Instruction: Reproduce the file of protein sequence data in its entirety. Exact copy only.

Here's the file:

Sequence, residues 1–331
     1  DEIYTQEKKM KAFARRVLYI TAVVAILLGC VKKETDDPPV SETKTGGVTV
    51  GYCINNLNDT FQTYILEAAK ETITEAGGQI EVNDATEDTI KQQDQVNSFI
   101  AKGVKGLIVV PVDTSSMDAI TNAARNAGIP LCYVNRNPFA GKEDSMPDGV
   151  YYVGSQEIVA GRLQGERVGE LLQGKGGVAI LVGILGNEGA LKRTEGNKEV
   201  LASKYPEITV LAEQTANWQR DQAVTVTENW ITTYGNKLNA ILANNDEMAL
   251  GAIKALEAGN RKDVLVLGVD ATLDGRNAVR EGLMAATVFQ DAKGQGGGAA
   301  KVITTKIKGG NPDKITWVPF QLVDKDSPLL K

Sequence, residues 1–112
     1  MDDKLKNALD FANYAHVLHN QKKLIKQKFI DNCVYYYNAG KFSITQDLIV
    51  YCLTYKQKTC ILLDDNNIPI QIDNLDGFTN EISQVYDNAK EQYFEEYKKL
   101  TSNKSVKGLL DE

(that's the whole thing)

Sequence, residues 1–331
     1  DEIYTQEKKM KAFARRVLYI TAVVAILLGC VKKETDDPPV SETKTGGVTV
    51  GYCINNLNDT FQTYILEAAK ETITEAGGQI EVNDATEDTI KQQDQVNSFI
   101  AKGVKGLIVV PVDTSSMDAI TNAARNAGIP LCYVNRNPFA GKEDSMPDGV
   151  YYVGSQEIVA GRLQGERVGE LLQGKGGVAI LVGILGNEGA LKRTEGNKEV
   201  LASKYPEITV LAEQTANWQR DQAVTVTENW ITTYGNKLNA ILANNDEMAL
   251  GAIKALEAGN RKDVLVLGVD ATLDGRNAVR EGLMAATVFQ DAKGQGGGAA
   301  KVITTKIKGG NPDKITWVPF QLVDKDSPLL K

Sequence, residues 1–112
     1  MDDKLKNALD FANYAHVLHN QKKLIKQKFI DNCVYYYNAG KFSITQDLIV
    51  YCLTYKQKTC ILLDDNNIPI QIDNLDGFTN EISQVYDNAK EQYFEEYKKL
   101  TSNKSVKGLL DE